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answer. But forasmuch as by the next question these observations are themselves undertaken to be obviated, let this next question, with the answers which it is employed to call forth, be first heard.
Question 17.- Why then are infants baptized, when, by reason of their tender age, they cannot perform them?
Answer.-Because they promise them both by their sureties: which promise, when they come to age, themselves are bound to perform.
[Perform them?]-Perform what ?-Here may be seen a cloud of obscurity and ambiguity, derived from a sort of source-a purely grammatical one-such as in a composition so highly elaborated, and so abundantly examined, would not naturally have been looked for. Of such things as are in their nature capable of being “performed,” the last thing mentioned, -not to say the only thing,—is what is brought to view by the word promises. Yet, on a little reflection, these things, viz. promises, (it will be seen) can not be among the things here in view.-Why ?-Answer Because God is the person by whom these promises were stated as being made. But, not even in such a composition as this, can it have been supposed or pretended, that when God is the person by whom a promise is made, the person by whom that promise is to be performed is an infant.-An infant ? Yea, a just-born infant :—the time allowed for performance being no longer than the interval between its birth and the age at which baptism is commonly administered : an interval commonly of between a week and a fortnight.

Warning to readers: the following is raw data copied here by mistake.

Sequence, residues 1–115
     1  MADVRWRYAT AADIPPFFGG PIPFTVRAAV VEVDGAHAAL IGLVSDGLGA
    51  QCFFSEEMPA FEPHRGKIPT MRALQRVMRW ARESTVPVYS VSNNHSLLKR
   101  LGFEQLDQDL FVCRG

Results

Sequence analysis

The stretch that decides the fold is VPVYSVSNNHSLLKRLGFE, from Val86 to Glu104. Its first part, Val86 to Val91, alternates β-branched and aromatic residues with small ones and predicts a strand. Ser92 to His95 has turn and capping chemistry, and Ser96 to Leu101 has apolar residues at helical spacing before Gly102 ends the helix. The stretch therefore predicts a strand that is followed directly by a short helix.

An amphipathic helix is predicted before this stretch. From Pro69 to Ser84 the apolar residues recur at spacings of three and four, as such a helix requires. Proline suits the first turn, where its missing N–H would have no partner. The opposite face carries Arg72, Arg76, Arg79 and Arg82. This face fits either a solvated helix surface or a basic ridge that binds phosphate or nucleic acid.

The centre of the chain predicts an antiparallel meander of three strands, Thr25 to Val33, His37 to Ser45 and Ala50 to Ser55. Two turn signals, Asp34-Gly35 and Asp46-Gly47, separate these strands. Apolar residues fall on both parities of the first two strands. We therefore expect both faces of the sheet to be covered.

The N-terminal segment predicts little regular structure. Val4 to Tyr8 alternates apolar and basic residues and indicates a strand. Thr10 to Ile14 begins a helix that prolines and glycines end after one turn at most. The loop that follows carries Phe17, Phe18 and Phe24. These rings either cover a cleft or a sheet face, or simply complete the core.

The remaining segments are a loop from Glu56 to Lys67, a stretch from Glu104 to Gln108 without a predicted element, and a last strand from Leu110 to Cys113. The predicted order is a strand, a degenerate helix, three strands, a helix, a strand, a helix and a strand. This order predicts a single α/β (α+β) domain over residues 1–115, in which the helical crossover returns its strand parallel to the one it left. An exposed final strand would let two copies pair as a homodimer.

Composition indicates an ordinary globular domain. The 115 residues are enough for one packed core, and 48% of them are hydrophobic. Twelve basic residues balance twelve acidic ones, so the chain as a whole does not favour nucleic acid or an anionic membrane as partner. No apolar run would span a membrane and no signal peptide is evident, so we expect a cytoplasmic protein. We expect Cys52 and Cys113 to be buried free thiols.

Look a little forwards however, and then a little backwards, and it will be sufficiently clear, that, though the things to be performed are indeed promises, yet the person, by whom they are to be performed, is-not the least antecedent, viz. God, but the infant : the infant who is considered as the subject of the operation in question, viz. baptism. Why not God but the infant ?- Answer, for this plain reason :- because the acts which are held up to view in the character of subjects of promise are “ Faith and Repentance;" to wit, the Faith and Repentance above spoken of.
It is not, however, without some violence to grammar some violation of the rules of grammar—that the language is here reconcileable to the rules of common sense. The number employed in the 16th question is the singular aumber.-—“What is required :” the number employed in the 17th question, by which, with its answer, the answer to that 16th question is undertaken to be explained, is the plural number: Perform them,” says the 7th question : promise them, says the answer to it. And this promise them, of what is it the representative? Why—as turns out immediately after-of two things. Here then, between question the 16th (i.e. the question, to which, it being, and with so much reason, considered, that explanation is wanting, explanation, such as we see, is accordingly given)-between this 16th question and question 17th (i.e. the question employed to explain it) a contradiction exhibits itself. Believe the explained question, there is but one thing required : believe the erplaining question, there are two things-two very different things, both, required : viz. the faith and the repentance. These are the them which, viz. by their sureties, the children promised : these are the them which, viz. by themselves, they are to perform. For so it is, that according to this law and this divinity,